We tried to make the city better, and the election different. Despite our small successes, Houston lost. I watched his depression and anger peak amongst a group of dedicated friends. I watched it slowly calm throughout the night with the help of the nice bottle of mezcal he bought for the victory party. Within days, he became more relaxed and free again. He cared less about public appearance and activity. The invitations to do great things increasingly filtered in:

“Houston, will you become the President of the Young Democrats of Santa Fe, and build a leadership and engagement program to activate young people?”

“Houston, will you join the Board of Directors of the Solace Crisis Treatment Center?”

“Houston, I’d like to appoint you to the Charter Review Commission.”

Houston was irreparably transformed, and still remained ever himself. He evolved from a college graduate lost in a midwestern limbo, to a public person people wanted to consult. Years later, he still lives in Santa Fe, and he attributes that to this harebrained project I invited him to undertake. He has since forsaken politics, due in part to a lack of trust in many of the people engaged in it. He lives a happy life without social media, running a home improvement company he owns.

In the moments that we became aware of our devastating loss, I wondered if this loss might in fact have been the best outcome. Whiskey shots, sadness, and hours ripping out hundreds of yard signs by the polling locations were familiar swan songs of campaigns. You work and work and work and work and win or lose. That’s a major flaw of the process: the winner take all, the vicious end, where all of your dedicated supporters go back to their normal lives, and the organization dies.

After the campaign’s swan songs and embarrassing regrets, I tried to reassert my purpose and direction. A friend who relentlessly criticized this project throughout its duration invited me to go wheatpasting a couple of weeks in advance of May Day. I was delighted. I admired street art, and I wanted to learn how to propagate my own.

The first night we went out amidst crowds of young KONY 2012 kids, who were wheatpasting their own propaganda. Their enthusiasm was encouraging, and their presence made our work easier. My buddy carried a Whole Foods bag that concealed a bucket of wheatpaste, and I carried the posters. We walked through the city talking, discretely placing the layer of glue, then the poster, then the glue again on walls, electrical boxes, windows, bus stops, and light poles at major intersections.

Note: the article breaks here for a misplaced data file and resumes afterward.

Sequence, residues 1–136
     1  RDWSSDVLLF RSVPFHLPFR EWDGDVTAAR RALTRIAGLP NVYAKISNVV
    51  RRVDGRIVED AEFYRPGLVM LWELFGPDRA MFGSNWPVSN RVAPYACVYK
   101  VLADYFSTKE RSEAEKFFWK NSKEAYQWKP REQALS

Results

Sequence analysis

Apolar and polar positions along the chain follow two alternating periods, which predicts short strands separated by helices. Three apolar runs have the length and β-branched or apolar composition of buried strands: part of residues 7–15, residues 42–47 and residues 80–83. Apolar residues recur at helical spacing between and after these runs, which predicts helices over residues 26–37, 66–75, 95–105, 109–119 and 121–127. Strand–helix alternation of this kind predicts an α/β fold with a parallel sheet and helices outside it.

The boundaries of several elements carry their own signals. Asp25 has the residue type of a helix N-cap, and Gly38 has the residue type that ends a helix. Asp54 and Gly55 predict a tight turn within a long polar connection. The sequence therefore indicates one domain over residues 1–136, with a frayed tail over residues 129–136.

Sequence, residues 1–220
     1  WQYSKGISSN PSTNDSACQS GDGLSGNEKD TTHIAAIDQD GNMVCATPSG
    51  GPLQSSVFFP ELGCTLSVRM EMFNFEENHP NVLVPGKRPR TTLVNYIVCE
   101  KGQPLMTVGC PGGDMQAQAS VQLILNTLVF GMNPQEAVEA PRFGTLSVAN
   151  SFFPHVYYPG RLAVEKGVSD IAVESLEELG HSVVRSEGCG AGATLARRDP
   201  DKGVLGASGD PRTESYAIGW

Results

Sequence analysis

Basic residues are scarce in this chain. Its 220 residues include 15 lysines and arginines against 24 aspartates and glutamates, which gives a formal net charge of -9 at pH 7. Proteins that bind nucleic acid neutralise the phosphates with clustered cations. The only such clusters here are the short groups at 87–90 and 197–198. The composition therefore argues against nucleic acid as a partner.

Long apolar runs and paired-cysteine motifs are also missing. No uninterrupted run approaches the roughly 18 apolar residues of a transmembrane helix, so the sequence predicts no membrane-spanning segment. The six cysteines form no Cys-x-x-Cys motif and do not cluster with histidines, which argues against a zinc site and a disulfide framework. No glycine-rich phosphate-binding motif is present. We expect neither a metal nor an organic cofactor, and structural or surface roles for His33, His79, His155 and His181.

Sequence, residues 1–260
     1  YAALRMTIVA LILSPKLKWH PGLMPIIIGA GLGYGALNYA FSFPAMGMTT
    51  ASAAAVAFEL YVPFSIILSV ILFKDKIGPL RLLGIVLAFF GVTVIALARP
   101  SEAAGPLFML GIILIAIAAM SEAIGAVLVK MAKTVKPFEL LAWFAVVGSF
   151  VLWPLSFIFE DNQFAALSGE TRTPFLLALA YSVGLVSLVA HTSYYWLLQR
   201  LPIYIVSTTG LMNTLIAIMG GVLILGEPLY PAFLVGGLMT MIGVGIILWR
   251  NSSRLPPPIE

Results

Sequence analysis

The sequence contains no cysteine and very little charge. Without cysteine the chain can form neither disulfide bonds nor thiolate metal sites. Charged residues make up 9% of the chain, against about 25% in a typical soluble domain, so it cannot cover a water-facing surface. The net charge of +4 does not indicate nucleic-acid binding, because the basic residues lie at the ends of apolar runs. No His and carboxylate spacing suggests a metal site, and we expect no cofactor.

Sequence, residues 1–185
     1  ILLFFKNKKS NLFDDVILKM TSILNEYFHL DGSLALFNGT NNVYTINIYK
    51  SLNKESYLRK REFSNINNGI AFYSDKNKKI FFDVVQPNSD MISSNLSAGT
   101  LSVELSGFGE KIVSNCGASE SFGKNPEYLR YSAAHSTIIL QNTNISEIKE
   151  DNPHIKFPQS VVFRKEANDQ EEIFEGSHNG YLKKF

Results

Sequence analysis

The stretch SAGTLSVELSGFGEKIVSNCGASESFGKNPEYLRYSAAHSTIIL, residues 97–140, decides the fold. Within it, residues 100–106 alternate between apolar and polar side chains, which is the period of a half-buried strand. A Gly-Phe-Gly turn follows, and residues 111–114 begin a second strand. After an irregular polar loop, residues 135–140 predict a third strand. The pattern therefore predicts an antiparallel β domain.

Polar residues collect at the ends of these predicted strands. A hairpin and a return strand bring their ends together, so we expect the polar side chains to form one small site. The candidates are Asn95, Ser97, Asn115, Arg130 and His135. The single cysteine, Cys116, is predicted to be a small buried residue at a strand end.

The activity felt like liberation. Again and again we went out, later and later in the night on bicycles. My friend contextualized our work as resistance. I loved the thought of people walking down the street, stopping to read the unexpected posters. I liked the idea that the presence of the posters might trigger an unraveling in someone’s perception, a spark of a freeing train of thought. The transgression of using public streets as canvasses for deconstruction offered me a solace, a release, a possibility beyond the socially legitimized forms of activism I increasingly couldn’t believe in.

On the last night we wheatpasted, I carried the glue this time. We used a gas station soda cup as the vessel. It was slippery, and fell out of my hands easily as we rode through the night. We still had enough glue to visit some spots, and we covered a lot of ground: by the co-op, by a hip cafe the entire city visits at one point or another, and on an electrical box in the middle of Santa Fe’s busiest intersection. It was here that we saw 1, 2, 3 cop cars pass by in the midst of our work. It was 2AM. 

We rode our bikes down backstreets to finish our work. My heart raced, as I felt the potential gravity of the work we were doing. I was reminded of some texts that my friend had shared with me. One spoke of something called “consensus reality,” of the socially constructed and collectively enforced norms of what is permissible that limit our perceptions of what is possible. It described seduction into transgressive actions through invitation, actions that transformed participants. It talked of play, of the notion that we could disrupt reality through conscious intervention and improvisation, that we could break through the veils of our mirages of what was impossible, and chart out some unknown territory beyond.

As we rode to place a poster on our final spot of the early morning, I realized that I had been seduced and transformed. Creative actions that disrupted the conventions and oppressions of daily, normal life were the most exciting possibilities for change I saw.